National Weather Service State College PA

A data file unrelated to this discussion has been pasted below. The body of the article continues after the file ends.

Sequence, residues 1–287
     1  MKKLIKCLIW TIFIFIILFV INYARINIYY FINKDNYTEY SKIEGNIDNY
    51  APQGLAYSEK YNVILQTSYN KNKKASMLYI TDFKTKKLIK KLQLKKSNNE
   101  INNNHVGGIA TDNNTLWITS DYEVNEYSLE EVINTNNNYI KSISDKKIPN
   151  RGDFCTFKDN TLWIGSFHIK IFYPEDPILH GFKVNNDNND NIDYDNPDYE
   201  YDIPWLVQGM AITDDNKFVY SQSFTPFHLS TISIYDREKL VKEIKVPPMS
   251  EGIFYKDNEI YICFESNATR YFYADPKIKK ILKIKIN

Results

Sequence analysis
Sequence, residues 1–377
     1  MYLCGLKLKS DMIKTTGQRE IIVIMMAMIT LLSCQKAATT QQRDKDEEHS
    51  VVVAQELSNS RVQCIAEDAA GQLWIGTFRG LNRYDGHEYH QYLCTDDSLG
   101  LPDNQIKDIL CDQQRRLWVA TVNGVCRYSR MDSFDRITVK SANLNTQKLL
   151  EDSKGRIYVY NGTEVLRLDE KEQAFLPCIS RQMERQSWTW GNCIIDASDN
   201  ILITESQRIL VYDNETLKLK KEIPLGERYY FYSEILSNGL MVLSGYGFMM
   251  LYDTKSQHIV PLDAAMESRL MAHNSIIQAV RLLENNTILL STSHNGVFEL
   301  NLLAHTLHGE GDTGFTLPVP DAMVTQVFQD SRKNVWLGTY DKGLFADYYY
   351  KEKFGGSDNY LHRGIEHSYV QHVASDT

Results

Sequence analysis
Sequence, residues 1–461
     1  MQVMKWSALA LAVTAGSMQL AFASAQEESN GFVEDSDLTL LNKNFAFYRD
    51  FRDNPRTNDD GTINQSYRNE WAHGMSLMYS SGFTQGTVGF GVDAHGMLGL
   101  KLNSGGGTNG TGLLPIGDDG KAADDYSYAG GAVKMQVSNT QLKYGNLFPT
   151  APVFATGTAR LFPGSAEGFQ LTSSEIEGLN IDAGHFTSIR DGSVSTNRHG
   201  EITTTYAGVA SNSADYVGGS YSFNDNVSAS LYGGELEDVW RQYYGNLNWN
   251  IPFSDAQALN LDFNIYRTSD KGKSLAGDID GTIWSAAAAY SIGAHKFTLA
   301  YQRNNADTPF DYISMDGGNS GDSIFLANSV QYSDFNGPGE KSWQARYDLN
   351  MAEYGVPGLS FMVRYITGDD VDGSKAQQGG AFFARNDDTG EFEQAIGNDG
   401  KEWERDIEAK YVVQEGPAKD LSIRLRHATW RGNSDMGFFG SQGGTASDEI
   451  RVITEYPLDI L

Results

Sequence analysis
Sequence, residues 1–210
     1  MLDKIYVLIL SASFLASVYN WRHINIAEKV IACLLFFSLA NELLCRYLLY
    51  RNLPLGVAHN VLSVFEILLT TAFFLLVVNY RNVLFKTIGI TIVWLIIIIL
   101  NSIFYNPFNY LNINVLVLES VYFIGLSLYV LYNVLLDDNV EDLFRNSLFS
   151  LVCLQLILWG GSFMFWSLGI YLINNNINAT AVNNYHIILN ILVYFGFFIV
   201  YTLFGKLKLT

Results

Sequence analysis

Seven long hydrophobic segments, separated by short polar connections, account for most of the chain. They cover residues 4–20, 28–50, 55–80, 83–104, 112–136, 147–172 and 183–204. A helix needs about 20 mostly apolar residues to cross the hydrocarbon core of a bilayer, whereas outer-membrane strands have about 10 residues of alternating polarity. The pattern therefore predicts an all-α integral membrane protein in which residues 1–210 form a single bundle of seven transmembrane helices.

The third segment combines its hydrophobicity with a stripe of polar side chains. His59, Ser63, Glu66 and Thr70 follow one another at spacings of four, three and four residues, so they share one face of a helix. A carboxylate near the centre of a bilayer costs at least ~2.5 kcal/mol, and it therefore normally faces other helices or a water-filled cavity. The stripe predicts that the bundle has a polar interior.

1048 PM EDT Tue Sep 11 2018 .SYNOPSIS... A slow moving cold frontal boundary will stall just to the southeast of the state tonight. The region will remain in a moist easterly flow between a high to our north and the circulation associated with Hurricane Florence well off to our south. There is the potential for the region to be impacted by rain from (the future remnants of) Hurricane Florence by the weekend or more likely next week, though the eventual track and timing of the storm are still very uncertain. && .NEAR TERM /THROUGH WEDNESDAY/... Meso analysis indicates the occlusion associated with the long dissipated Gordon has all but dissipated. Looking at the 950mb dewpoints suggests the best support for a frontal boundary, the old warm front, extends from southern New England SW into NRN VA. I lowered POPs overnight looking at the HRRR taking the scattered showers over portions of the lower and mid Susq Valley moving out and not much new expected through early Wednesday morning. The airmass is still rather humid with dewpoints in the 60s, so prospects for significant drying are not promising. With plenty of cloudcover, overnight lows will remain on the mild side ranging from the mid 50s over the north to mid 60s over the south east. Clouds and scattered showers look to hang around Wednesday as a deep easterly flow develops south of the sprawling high off to our north. && .SHORT TERM /WEDNESDAY NIGHT/... High pressure trying to nose in from the NW looks like it will be thwarted by a stalled front just off to the SE, keeping low level moisture trapped in place which will keep clouds plentiful. Low level flow turning around to the S/SE won`t help the situation either, and will feed development of generally light showers, becoming a bit more numerous each day through Friday as flow gradually increases. Timing / placement of these banded showers a tough task when trying to indicate enhanced PoPs over next couple of days, but generally highest likelihood will be over the south and east. Mesoscale models will aid in focusing/enhancing PoPs further during a sliding 12-24hr window. The best chance of staying dry Wed will be NW of a line from Clearfield to Mansfield. Temps remain pretty constant for next several days, with highs pretty much in the 70s and lows pretty much in the 60s. && .LONG TERM /THURSDAY THROUGH TUESDAY/... Frontal boundary that pushed slowly east across the region Monday (in the wake of the remnants of what was once Tropical Storm Gordon during the middle of last week), has stalled out across the Susq Valley and Scent PA, and will slowly weaken and retreat back to the northwest over the next few days as an inverted trough well in advance and to the NW of powerful hurricane Florence. All model and EFS guidance indicates scattered to numerous showers and perhaps a isolated/brief low-topped afternoon tsra Thursday and Friday, with high temps climbing back to near, or slightly above normal under a persistent, but mainly light east to southeast llvl flow. Still, slightly diverging medium range U.S. and EC guidance occurs with respect to the timing and ultimate track of powerful Hurricane Florence as she nears the NC coast later Thursday into Friday, then either stalls for 24 to 48 hours or drifts slowly west or SW. There will likely be some significant differences in sensible weather conditions from north to south acrs PA with the thickest layered clouds, best chance for drizzle or some periods of light rain, and a slightly gusty east to SE sfc wind limited to the southern tier or half of PA Sat and Sunday. A fair amount of sunshine, pleasant near-normal high temps, low humidity and light wind. Blended in about 50-70 percent weighting of the Operational EC and EC ensembles (which have shown the most consistency run to run over the past few days, along with its slightly more southern landfall and inland track compared to the GFS/GEFS and official TPC track). That being said, and integrated into the regional CWA forecast, will paint just a slight chc for some Fri night/Sat morning drizzle and low clouds across mainly the southern part of the PA and otherwise just isolated rain showers. As the greatly weakened remnants of Florence beings to drift north through a weakness across the Ohio River Valley, that exists between two large areas of upper level high pressure, it will bring an increasing chance for showers and TSRA with bands of locally heavy rain possible Monday through Tuesday night (especially across the western half of the state that experienced the heaviest rain from the recent passage of the remnants of TS Gordon). && .AVIATION /03Z WEDNESDAY THROUGH SUNDAY/... The boundary remains stalled with showers through eastern PA as of 00Z Radar. MVFR cigs overall dominate the skies with only UNV and IPT IFR. While a brief period of VFR should continue, cigs and vsbys will drop tonight due to low level moisture trapped under the inversion. This will bring widespread IFR reductions overnight along with patchy fog. Expect conditions to drop between 05Z to 07Z. Light low level flow turning to the S/SE tomorrow will make it tough for conditions to improve much. Latest SREF and HREF models due show some improvement from IFR to MVFR by late morning. However MVFR should continue through tomorrow afternoon with scattered VFR possible again with scattered showers. We`ll repeat that MVFR during the day and IFR at night cycle through the end of the week as showers become more numerous each day. Hurricane Florence will impact the Carolinas/Mid Atlantic region late week and this weekend. A high pressure area building to our north looks to potentially advect some drier air in Sat/Sun with improving conditions at least for the central/northern sections. .Outlook... Wed...AM low cigs/fog possible. MVFR/VFR cigs with sct showers. Thu-Fri...Patchy AM fog possible. MVFR/VFR cigs. Scattered to numerous showers. Isold PM tsra impacts possible. Sat-Sun...Patchy AM fog possible. PM rain/low cigs possible southern Pa. && .HYDROLOGY... Spotty showers today should not allow for renewed rises on area streams/rivers. Smaller streams and creeks are retreating this afternoon, with rivers and some larger streams still experiencing at least minor flooding (we`ve got 15 river points still in flood at 18z). The West Branch Susq R is still going to be rising significantly into Wed. The Juniata basin, easily the hardest hit area, peaked with moderate to major flooding and is now generally falling. Beech Creek (West Branch basin) cresting in Major flood category. Much of that water did an end-around the Sayers Dam, falling in the Marsh Creek and Beech Creek basins. Those points are now falling. && .CTP WATCHES/WARNINGS/ADVISORIES... None. && $$ SYNOPSIS...La Corte NEAR TERM...La Corte SHORT TERM...RXR LONG TERM...Lambert AVIATION...Ceru/RXR HYDROLOGY...